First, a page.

The University of Chicago Magazine
some 25 people in his latest store, a completely renovated warehouse that features hundreds of new and used instruments--gleaming beauties from Fender, Gibson, and Martin--on the first floor; dozens of high-end collectibles, like a 1959 Les Paul (the Holy Grail of rock guitars) for sale for a cool $45,000, on the second floor; storage and packing facilities on the third; and an extensive repair shop on the fourth.
Not bad for a guy who started buying and selling instruments during his first year in the College, the same year he was almost thrown out of Burton-Judson Courts for overpopulating his room with snakes and spiders.
This latter fascination began at age 4, when Gruhn amassed his first collection: a scaly mix of frogs, salamanders, insects, and turtles. A few years later, he developed a passion for snakes, creating the first of many "mini-menageries" in his parents' basement. "If it was 'educational,' my parents would encourage it, and I could get away with anything," he recalls.
Gruhn had always thought he would be an academic, studying biology or zoology and then following in the footsteps of his father, now a professor emeritus of pathology at the Northwestern University Medical School. When his family moved to the Chicago area, and Gruhn became a freshman at Oak Park-River Forest High School, he was "as fanatically into snakes then as I am now into guitars," he says. "I had a zoo."
In fact, he sees a connection between reptiles and vintage instruments: "I've always been aware that you can look at these things like specimens. It is not a big step to go from counting scale rows of snakes to counting the internal braces on an acoustic guitar. You look at them in the same manner. Reptiles are much more akin to the musical instruments than say, amphibians, which never did much for me--they just have smooth, slimy, unfeatured skin." For both guitars and reptiles, in Gruhn's eyes, "everything important is right there to be seen."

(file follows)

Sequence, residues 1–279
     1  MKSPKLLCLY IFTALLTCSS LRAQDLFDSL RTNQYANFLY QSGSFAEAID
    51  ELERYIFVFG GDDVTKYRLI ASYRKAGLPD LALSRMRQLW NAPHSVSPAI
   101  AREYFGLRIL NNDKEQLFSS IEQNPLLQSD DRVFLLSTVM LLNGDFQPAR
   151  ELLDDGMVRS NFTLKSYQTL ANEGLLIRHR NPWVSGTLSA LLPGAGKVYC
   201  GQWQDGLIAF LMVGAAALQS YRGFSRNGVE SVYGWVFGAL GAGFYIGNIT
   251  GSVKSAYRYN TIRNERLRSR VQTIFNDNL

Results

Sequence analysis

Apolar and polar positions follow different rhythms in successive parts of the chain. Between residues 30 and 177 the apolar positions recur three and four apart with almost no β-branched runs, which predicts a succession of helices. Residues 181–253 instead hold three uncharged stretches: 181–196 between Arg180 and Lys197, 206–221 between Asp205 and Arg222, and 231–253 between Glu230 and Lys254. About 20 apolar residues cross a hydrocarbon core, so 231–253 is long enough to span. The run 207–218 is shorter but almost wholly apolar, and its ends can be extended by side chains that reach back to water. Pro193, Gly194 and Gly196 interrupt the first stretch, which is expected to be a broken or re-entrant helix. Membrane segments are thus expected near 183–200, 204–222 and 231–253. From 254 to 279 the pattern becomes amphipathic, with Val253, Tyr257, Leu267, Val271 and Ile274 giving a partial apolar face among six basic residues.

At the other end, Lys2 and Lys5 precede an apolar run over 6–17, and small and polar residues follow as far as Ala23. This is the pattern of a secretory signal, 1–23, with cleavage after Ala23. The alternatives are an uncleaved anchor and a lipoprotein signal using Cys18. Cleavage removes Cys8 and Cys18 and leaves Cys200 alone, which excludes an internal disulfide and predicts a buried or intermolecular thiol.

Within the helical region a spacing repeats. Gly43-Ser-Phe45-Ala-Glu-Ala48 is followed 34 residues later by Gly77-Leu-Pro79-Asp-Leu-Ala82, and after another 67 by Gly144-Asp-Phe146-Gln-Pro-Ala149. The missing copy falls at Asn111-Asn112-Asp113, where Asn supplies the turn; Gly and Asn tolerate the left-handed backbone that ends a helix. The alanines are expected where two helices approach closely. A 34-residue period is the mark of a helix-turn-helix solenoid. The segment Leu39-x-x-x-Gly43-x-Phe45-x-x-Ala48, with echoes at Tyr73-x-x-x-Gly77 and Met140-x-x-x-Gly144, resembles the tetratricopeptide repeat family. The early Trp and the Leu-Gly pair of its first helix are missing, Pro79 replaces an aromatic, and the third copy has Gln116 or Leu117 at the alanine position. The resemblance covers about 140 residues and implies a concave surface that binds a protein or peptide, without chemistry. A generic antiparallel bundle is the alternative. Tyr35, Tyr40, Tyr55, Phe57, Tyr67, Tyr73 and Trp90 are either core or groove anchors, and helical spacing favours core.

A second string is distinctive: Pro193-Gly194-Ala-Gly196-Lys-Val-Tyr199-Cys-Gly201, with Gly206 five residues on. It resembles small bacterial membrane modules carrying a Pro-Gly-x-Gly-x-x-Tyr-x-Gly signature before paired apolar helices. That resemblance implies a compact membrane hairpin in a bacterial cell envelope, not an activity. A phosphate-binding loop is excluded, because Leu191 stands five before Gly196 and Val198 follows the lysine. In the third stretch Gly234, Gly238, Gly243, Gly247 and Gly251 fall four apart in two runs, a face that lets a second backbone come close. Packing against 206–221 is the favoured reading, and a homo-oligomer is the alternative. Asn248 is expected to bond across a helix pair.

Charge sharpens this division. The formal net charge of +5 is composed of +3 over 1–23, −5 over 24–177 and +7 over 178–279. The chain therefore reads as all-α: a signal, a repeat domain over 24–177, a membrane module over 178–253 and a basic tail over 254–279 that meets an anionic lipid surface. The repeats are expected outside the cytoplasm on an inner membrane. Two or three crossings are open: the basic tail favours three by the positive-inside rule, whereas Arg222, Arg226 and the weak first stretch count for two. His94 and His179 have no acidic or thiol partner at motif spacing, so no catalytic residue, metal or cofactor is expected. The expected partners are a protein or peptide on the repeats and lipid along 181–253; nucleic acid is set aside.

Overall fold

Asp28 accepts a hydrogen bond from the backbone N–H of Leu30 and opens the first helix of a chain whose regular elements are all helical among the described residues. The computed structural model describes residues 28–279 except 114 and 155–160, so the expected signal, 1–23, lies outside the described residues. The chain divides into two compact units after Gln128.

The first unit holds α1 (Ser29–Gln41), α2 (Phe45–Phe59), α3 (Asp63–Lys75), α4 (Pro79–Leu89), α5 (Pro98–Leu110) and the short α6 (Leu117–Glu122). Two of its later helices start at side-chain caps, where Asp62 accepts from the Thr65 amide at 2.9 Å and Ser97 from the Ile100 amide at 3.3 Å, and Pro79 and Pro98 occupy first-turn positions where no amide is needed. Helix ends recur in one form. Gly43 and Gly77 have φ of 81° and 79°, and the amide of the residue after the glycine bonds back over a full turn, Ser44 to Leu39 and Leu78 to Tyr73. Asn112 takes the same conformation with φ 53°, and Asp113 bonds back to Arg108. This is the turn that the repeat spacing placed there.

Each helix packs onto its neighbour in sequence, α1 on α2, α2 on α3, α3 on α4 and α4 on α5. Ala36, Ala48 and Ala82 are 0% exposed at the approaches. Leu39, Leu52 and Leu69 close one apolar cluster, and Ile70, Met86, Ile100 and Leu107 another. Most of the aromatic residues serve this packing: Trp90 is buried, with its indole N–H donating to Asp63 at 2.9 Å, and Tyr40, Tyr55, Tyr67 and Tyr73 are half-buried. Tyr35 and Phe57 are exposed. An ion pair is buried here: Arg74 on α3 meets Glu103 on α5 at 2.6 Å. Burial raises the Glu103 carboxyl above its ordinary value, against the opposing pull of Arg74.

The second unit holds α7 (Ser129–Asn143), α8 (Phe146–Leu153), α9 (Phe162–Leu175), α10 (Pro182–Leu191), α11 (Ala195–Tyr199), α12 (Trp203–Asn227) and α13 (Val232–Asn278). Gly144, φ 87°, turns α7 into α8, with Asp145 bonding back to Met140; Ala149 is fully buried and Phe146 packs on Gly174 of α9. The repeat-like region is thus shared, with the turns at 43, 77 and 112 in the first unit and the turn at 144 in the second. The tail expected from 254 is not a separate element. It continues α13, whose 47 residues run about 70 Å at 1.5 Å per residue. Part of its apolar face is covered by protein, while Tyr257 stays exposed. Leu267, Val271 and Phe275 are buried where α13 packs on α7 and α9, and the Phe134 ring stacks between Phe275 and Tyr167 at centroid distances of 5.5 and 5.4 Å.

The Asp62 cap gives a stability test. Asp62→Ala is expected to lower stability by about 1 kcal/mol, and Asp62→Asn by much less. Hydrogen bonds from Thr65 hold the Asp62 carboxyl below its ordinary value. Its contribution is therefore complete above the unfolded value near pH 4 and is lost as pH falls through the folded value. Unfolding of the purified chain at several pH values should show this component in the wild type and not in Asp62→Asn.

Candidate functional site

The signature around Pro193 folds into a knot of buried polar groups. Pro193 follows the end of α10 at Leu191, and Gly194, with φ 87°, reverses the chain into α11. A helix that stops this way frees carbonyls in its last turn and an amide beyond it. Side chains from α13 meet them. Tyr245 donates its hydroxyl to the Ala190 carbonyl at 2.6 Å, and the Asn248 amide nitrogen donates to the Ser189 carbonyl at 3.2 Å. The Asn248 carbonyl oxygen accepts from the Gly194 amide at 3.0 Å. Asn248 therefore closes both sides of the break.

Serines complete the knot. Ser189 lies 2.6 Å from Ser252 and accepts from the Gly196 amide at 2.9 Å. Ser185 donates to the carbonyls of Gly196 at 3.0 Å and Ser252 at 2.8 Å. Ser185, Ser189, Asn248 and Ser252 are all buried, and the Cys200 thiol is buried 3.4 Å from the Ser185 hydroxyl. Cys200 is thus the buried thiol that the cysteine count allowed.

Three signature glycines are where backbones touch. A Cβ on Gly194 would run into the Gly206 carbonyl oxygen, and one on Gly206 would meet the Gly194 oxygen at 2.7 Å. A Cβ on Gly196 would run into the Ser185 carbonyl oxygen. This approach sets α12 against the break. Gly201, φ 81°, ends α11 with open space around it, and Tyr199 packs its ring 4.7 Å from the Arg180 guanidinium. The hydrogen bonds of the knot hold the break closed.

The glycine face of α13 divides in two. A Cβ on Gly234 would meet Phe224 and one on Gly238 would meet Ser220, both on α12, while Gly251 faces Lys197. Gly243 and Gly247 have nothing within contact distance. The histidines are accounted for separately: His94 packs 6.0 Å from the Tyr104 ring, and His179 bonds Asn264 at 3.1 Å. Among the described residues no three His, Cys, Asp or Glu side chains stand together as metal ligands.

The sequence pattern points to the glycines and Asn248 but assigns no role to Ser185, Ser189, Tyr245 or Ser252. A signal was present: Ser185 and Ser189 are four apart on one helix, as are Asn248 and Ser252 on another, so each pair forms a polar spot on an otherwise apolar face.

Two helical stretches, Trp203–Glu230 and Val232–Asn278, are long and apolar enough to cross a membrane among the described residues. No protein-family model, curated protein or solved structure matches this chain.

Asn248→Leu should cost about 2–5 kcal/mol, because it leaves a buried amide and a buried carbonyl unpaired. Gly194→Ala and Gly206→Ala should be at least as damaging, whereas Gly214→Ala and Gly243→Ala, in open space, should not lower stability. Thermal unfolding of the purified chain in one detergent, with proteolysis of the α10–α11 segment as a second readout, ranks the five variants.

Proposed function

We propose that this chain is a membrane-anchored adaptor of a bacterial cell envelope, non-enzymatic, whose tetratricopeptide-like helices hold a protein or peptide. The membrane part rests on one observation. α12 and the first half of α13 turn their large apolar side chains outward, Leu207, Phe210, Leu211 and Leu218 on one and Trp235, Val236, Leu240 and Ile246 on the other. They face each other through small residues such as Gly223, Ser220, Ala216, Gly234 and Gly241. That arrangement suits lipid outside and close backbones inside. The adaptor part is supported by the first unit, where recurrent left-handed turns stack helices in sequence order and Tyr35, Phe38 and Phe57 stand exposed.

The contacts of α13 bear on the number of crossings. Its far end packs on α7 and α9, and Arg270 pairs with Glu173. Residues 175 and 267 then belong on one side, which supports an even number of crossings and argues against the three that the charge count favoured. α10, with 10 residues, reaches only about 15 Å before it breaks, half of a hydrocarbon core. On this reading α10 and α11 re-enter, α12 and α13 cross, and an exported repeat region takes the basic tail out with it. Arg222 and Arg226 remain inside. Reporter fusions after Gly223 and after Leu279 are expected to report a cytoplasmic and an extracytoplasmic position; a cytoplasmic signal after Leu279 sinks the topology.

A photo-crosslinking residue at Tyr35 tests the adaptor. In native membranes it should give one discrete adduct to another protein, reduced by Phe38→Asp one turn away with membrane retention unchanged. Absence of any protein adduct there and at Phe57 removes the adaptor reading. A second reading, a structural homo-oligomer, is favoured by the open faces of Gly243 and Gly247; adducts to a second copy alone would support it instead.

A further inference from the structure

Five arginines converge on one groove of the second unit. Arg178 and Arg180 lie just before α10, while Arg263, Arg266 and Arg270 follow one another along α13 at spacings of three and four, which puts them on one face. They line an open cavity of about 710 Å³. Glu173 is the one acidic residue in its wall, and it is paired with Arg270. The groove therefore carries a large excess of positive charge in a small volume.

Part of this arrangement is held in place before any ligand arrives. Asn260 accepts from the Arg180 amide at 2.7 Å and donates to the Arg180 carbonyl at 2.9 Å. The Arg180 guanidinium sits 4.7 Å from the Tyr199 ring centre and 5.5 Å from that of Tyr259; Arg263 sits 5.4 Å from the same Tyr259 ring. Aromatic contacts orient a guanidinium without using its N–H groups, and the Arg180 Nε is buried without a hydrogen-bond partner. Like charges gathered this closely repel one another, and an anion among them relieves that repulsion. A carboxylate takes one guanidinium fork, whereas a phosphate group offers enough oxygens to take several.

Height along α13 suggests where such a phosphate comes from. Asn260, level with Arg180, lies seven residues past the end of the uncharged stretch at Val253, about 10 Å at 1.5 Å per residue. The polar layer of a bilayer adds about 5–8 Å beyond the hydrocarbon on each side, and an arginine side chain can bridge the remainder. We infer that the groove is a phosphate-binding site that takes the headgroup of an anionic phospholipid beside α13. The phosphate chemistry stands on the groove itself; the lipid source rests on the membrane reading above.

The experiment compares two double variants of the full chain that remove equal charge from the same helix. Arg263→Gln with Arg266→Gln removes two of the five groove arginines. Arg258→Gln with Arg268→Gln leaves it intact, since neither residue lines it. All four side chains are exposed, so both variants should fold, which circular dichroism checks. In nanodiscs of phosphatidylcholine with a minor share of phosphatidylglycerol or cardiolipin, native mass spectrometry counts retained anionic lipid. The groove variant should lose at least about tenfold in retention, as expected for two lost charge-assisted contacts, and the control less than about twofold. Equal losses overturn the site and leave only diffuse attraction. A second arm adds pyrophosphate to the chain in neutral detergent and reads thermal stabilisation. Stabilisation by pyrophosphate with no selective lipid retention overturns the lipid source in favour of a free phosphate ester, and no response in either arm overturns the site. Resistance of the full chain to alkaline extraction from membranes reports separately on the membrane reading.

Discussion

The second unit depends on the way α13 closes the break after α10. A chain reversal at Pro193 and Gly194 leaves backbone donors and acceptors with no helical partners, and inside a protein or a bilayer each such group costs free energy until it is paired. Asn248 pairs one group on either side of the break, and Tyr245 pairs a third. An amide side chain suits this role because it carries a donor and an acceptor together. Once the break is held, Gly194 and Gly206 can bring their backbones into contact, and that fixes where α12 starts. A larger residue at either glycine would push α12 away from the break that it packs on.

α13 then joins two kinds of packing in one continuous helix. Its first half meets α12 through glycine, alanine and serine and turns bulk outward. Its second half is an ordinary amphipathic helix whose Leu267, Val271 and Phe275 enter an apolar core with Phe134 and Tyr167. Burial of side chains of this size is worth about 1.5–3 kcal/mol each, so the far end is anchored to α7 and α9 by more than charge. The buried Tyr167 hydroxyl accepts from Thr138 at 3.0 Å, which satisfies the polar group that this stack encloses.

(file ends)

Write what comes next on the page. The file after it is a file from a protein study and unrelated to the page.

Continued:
He calls high school--where one of his friends was the late Bruce Kaplan, AB'66, AM'68, founder of the seminal folk and blues record company, Flying Fish--"probably the most fun I ever had in my educational experience." Gruhn came to the University with the hope of finding a similar community. He did, but it wasn't in the sciences.
"The old style in biology of observational nature studies--I like to call it 'watching beasties'--had been replaced by a more mathematical approach to molecular biology. Since I had moved so often, I really didn't have a good foundation in math," he confesses. "To this day, I don't know my multiplication tables."
Instead, he found a home in the psychology department. "I had taken a psychology course with Erich Klinghammer," Gruhn says. Klinghammer, AB'58, PhD'62, "was part of a German school of thinking that focused on animal behavior and that was in control of the department. Here was my hook--it was old-style nature studies, it was beastie watching!
"Besides," Gruhn laughs, "Klinghammer was fanatical about what he did, and me being a fanatic, I fit right in."
Although he'd started listening to folk music in high school, Gruhn didn't buy his first guitar until he got to the University, when he picked up a Conde Hermanos classical guitar for $300. It was, he says, "a fine guitar and would cost $3,000 now," but it wasn't the right guitar--or at least one that country-music legend Maybelle Carter, "my hero at the time," would play.
"If you wanted to play folk or country, a Martin guitar was the 'correct' one to own," Gruhn explains. "All the great players had